Threshold Review: JRX Design's SA 341/2 Gazelle

September 25, 2020
Jon Coughlin
nobody, apparently.
Copy Provided
Copy Provided

The Aérospatiale Gazelle is a scout helicopter developed and produced jointly by Aérospatiale and Westland initially for the French and British armed services and eventually for export around the world in both military and civilian variants. The Gazelle is an evolution of the Alouette family of helicopters known for their easy handling and excellent high altitude performance. Its notable features include a fenestron tail rotor system (it was the first production helicopter to implement a fenestron), an exposed turbine engine perched high on its back, short skids, and a three blade semi-rigid rotor system. 

It entered service in the early 1970s and set a slew of performance records both as a prototype and production vehicle, and despite its fifty year age the type still posts competitive speed, payload, and altitude numbers for its class. 

JRX Design have packaged both the SA 341B (military) and SA 342J (civilian) variants into their X-Plane 11 Gazelle addon. JRX have developed a Gazelle module that, in its simplicity of systems and instruments, encourages pilots to revel in its graceful handling and deceptive power, and one that convinced me the Aérospatiale Gazelle was decades ahead of its time.

The community mod Hughes 500D may be more nimble, the Dreamfoil Bell 407 more precise, but the JRX Design Gazelle is so thrillingly fast it leaves them both in a storm of Anglo-French dust; there is not a more capable nap-of-the-earth (NOE) helicopter in the X-Plane 11 library. 

The real-world Gazelle, praised for being light on its controls and supremely maneuverable, is often compared to driving a sports car, but considering its capacity to loop and roll, its superb mountain climbing, and its optional sand filter (the cockpit switch of which JRX have modeled but sadly not the physical mechanism) a rally car might make for a more appropriate wheeled analogy: maybe an 80s Renault or Peugeot, the decade in which the Gazelle hit its prime? Take your Gazelle to the switchbacks of the Alps, its high-altitude natural habitat, and it might podium in a Group B competition. The helicopter is twitchy and responsive when slow and, when trimmed to a calm attitude, can be whipped around narrow paths with mere nudges of its pilot’s virtual fingertips. The Gazelle is overpowered - it has the payload capacity to sling-load a second Gazelle - and that power margin translates directly to speed and acceleration. If a pilot can tame the JRX Gazelle she will find herself capable of both slow, graceful pirouettes and of thundering rooftop passes at speeds that would rattle most helicopters to bits. JRX Design have built the most captivating Gazelle in consumer flight simulation as well as a standard-defining flying experience among X-Plane 11 addons.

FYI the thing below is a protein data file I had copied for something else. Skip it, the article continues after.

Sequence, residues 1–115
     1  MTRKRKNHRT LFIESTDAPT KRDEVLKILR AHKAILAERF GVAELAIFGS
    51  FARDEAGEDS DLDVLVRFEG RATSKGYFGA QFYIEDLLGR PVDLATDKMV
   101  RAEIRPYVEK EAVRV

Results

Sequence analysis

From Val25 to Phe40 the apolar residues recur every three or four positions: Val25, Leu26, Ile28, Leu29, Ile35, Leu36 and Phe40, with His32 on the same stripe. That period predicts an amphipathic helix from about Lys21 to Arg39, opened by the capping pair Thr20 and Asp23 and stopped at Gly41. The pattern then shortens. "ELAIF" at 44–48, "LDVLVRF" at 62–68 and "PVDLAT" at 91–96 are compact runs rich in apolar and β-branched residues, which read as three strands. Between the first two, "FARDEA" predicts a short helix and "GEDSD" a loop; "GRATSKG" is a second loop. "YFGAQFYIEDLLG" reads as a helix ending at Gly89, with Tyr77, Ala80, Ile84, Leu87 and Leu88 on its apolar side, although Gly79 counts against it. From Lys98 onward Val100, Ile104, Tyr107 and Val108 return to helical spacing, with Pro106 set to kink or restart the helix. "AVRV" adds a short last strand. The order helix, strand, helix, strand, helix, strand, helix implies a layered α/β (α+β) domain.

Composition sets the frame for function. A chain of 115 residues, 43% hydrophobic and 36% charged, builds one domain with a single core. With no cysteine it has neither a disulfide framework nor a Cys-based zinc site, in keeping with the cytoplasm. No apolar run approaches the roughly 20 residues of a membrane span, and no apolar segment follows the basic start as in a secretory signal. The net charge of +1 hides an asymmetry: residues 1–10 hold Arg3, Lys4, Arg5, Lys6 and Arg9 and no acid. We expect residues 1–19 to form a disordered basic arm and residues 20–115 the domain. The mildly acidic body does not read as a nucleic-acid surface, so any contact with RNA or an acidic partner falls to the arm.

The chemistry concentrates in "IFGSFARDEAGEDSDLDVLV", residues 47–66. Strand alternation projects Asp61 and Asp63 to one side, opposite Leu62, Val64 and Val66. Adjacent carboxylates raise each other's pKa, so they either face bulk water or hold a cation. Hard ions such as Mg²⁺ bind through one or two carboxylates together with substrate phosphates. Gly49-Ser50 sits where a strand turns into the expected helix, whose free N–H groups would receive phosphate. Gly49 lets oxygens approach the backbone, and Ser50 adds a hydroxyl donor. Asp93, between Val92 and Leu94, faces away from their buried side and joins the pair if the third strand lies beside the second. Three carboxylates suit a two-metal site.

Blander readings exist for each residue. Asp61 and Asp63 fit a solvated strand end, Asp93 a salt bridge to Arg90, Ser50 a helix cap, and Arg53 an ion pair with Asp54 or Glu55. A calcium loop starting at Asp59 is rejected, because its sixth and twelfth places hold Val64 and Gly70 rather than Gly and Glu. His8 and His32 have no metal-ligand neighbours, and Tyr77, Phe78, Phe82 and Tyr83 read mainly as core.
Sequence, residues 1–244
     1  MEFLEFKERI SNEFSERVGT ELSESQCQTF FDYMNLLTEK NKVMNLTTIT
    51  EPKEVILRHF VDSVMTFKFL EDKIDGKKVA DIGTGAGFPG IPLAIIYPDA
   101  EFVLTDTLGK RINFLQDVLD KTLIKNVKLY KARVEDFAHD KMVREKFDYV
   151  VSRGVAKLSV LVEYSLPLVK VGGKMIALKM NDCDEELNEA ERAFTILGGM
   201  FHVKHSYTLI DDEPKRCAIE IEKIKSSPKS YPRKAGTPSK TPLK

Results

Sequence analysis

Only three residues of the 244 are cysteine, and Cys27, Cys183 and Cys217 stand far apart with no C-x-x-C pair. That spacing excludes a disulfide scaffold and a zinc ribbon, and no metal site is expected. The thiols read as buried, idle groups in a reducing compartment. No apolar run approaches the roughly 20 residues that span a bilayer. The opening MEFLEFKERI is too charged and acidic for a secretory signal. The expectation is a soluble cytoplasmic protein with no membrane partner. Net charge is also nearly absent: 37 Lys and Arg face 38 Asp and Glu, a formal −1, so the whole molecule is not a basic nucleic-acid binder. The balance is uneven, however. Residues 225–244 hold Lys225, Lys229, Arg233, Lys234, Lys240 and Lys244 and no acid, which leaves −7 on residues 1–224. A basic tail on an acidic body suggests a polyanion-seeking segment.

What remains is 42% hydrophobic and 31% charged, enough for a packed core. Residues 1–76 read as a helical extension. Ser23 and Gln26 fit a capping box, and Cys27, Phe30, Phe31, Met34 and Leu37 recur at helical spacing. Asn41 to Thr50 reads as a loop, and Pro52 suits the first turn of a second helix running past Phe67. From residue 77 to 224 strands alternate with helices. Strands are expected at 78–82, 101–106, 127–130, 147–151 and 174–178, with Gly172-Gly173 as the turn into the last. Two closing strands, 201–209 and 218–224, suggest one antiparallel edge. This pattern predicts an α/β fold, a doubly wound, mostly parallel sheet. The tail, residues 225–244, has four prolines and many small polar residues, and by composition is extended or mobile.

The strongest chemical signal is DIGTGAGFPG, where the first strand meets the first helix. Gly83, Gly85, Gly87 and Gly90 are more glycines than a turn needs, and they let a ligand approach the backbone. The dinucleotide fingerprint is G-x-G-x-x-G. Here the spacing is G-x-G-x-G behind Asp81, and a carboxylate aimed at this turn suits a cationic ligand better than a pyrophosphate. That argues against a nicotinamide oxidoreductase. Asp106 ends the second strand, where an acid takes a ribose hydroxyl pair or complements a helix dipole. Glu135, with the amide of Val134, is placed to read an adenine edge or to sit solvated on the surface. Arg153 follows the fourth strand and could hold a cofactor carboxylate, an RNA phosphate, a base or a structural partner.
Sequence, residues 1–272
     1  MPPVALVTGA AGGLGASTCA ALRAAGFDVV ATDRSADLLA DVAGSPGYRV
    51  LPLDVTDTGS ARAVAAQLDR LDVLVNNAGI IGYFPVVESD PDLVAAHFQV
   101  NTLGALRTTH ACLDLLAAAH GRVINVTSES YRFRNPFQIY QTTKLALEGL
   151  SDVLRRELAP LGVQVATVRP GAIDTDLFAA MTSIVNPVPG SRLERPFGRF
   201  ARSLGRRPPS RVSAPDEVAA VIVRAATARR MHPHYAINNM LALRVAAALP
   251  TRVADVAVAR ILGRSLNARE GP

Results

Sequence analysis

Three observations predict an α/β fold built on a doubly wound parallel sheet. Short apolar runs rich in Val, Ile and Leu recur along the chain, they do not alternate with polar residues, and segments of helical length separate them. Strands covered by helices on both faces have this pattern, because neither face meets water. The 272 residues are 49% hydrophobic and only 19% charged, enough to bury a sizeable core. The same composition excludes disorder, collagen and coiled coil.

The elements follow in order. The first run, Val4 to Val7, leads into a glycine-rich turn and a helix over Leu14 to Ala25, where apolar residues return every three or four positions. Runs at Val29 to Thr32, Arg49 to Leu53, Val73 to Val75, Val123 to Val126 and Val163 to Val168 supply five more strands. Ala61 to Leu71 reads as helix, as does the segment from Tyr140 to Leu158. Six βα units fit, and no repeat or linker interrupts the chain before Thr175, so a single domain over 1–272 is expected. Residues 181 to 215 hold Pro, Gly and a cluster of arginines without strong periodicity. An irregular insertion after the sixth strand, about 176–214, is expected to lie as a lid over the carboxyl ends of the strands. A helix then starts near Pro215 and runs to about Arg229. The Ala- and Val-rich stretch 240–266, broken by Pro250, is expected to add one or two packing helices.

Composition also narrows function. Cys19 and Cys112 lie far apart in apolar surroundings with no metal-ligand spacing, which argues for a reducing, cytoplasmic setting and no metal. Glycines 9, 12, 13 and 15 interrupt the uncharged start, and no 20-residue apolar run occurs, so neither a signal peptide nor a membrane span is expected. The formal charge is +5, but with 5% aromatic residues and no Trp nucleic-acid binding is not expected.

JRX have not provided the ability to spawn the Gazelle with engines running, a damnable sin for any payware I think, but thankfully the Gazelle is an easy start by hand. If you prefer cold and dark aircraft JRX have included rotor blade tie-downs toggleable via a flip-up panel on the main instrument console. Also included on this panel are copilot and passenger toggles, fuel fill levels, tablets, and doors - take your doors off; this is a proper scout helicopter, after all, and the view is magnificent.

A notepad with checklists and reference sheets is clickable next to the center instrument console. I vastly prefer diegetic interfaces like this options panel and notepad to proprietary pop-up menus; they allow a pilot to maintain her immersion in the simulated world and help the aircraft feel alive and physical. Starting the Gazelle requires a few switches, a wait for turbine wind-up, and opening of the fuel flow lever; a studied pilot can raise her skids in 30 seconds. It will take more than 30 seconds to set up your radios if you plan on either communicating or navigating with them; this is standard with almost any aircraft, though Gazelle startup is otherwise so simple it somehow feels notable. Other than turbine ignition, there are switches for windshield wipers, lights, and basic avionics calibration, but the Gazelle is mostly autonomous in its management; you will need all your attention to fly it, anyways.